2. Seek ways to reduce the carbon and environmental footprint of health facilities, including hospitals, medical offices, and transport services. Consider ways to increase energy efficiency, incorporate renewable energy sources, reduce waste, and promote public and active modes of transport (eg, walking, bicycling) during new construction or remodeling.

3. Use existing anticipatory guidance as a framework for discussing climate change with families. For example, encouraging active modes of transport or promoting consumption of plant-based proteins helps reduce carbon emissions and promotes health. Encourage family choices that reduce fuel consumption, such as utilization of public transportation or fuel-efficient vehicles. Serve as a personal role model for practices that promote environmental sustainability.

4. Educate children, families, and communities on emergency and disaster readiness

5. Advocate for local, national, and international policies that reduce greenhouse gas emissions and for adaptation strategies that improve preparedness for anticipated climate-associated effects. Educate elected officials on the risks climate change poses to child health; speak at public hearings; and provide expert testimony. Help educate the public through letters to the editor and community engagement.

6. Help to build a broader coalition across disciplines to address climate change at the local and national levels. Pediatricians are uniquely positioned to advocate for sustainable electricity-generating systems, accessible public and active transportation, plant-based food availability, and green spaces that ultimately affect child and family health. Collaborate with health departments and research facilities to enhance surveillance, analysis, and reporting of climate-sensitive health effects and to strengthen disaster preparedness.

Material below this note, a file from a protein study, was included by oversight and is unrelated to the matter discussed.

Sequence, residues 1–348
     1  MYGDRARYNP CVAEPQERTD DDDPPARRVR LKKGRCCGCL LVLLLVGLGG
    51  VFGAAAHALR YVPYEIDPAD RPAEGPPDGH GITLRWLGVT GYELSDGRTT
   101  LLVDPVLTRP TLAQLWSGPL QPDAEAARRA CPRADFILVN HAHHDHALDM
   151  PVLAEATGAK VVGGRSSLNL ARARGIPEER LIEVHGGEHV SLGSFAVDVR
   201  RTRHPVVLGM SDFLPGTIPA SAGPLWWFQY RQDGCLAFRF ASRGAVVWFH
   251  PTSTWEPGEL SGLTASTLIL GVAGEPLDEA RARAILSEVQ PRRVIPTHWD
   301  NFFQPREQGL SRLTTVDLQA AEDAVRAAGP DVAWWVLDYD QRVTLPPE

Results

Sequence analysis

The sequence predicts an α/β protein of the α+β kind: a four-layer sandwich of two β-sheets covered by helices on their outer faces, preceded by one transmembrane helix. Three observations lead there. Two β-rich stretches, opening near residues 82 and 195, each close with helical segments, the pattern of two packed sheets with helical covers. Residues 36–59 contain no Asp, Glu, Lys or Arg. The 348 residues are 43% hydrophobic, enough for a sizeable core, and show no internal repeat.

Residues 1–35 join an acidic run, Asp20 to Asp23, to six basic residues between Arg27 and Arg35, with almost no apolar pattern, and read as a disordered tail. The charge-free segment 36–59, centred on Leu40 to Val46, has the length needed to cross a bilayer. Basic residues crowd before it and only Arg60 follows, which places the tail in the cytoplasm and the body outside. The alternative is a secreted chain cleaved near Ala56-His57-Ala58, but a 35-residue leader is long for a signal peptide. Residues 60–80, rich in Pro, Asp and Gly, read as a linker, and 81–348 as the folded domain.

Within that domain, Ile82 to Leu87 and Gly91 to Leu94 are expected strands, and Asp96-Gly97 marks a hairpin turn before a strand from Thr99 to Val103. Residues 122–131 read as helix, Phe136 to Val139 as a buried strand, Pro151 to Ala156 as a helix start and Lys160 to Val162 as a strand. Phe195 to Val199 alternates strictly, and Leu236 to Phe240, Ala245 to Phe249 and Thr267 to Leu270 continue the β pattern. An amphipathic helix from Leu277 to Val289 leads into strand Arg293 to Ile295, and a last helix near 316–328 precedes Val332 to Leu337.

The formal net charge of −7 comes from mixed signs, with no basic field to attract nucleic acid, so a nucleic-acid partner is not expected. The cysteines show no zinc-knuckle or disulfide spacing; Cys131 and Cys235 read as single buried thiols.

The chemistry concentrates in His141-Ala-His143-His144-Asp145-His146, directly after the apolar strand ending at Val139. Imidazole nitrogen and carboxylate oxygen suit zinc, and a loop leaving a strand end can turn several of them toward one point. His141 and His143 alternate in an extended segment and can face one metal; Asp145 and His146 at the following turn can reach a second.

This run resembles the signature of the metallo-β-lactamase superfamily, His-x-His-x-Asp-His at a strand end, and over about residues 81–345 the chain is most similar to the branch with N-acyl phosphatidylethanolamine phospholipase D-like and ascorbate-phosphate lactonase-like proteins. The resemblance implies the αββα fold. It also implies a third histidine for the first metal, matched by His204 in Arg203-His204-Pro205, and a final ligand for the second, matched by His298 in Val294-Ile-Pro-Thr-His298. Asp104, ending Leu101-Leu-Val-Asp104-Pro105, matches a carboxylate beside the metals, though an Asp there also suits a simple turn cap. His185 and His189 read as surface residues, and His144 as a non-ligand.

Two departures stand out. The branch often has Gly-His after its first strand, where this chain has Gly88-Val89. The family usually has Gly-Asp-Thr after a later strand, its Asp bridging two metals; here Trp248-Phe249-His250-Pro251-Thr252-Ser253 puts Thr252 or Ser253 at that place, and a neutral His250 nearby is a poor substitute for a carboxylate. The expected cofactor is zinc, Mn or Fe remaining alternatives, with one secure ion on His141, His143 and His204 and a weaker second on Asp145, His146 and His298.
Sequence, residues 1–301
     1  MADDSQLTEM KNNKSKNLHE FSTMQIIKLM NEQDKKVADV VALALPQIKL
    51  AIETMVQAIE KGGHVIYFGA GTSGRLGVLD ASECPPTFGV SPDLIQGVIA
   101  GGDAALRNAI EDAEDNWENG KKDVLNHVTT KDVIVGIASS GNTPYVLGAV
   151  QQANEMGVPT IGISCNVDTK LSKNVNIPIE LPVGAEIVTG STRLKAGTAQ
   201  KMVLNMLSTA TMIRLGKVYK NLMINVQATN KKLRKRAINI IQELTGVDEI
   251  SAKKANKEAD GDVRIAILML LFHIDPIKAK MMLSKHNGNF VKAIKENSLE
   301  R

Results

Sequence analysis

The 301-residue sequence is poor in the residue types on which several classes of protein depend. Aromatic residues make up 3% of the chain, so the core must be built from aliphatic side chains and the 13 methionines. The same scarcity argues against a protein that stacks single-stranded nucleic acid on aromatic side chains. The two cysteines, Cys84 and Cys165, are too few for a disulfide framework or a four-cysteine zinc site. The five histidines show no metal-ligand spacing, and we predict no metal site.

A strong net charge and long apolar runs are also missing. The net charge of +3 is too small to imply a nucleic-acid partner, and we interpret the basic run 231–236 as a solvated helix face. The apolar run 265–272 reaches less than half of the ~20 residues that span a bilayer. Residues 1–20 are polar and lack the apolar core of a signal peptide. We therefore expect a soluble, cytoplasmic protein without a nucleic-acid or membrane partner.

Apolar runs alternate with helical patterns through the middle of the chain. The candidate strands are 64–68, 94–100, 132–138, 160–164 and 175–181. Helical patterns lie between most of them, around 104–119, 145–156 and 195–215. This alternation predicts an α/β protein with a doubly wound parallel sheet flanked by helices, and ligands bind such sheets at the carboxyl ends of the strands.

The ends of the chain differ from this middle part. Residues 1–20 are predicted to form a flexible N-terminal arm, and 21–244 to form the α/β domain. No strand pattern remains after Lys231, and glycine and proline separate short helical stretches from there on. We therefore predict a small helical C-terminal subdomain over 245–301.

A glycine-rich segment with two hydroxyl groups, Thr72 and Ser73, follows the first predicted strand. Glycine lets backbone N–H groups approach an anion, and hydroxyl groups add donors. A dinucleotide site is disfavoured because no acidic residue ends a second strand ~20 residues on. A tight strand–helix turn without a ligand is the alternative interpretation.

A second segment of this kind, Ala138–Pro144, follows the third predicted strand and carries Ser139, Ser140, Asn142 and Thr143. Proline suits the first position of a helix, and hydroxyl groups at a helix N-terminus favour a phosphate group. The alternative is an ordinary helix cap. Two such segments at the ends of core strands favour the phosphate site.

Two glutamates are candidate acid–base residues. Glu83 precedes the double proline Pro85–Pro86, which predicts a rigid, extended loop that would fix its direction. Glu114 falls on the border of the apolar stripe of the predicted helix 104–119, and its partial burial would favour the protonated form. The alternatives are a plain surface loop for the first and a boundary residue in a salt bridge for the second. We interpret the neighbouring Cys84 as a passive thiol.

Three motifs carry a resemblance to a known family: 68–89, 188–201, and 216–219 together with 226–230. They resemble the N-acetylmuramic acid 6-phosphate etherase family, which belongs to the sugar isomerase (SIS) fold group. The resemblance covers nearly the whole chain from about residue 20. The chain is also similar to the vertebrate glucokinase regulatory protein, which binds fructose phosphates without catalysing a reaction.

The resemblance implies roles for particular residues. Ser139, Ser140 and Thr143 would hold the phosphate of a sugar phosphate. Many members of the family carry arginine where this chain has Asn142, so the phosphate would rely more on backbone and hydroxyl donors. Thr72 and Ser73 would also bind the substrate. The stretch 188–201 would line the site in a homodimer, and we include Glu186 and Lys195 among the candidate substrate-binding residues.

The AAP also has specific “Recommendations to Government”:

1. Promote energy efficiency and renewable energy production at the federal, state, and local levels while decreasing incentives for continued production and consumption of carbon-intensive fuels such as coal, oil, and gas.

2. Fund research, surveillance, reporting, and tracking of climate-associated health effects. Invest in prudent and vital preparations for public health care systems, anticipating climate change effects.

3. Support education and public awareness of the threats from climate change for public and children’s health now and in the future.

4. Develop essential adaptation strategies and assist state and local governments, public health agencies, and health professionals in implementation of these strategies. The specific needs of children should be addressed in disaster preparedness and response.

5. Include the health sector in national and international policy-making meetings that address the threats of climate change.

6. Fund public transportation systems and support urban planning designs that incorporate walkability, open space, green building design, reduced dependence on automobile transit, and climate change resilience.


So how is the United States doing on finding solutions to climate change? Better than you might think. Tomorrow on The PediaBlog, we’ll consider whether what we are doing right now is enough to keep global temperatures below 2 ºC (3.8 ºF.) — the point above which, climate models predict, really bad things hit the proverbial fan — or whether what we are doing is too little too late.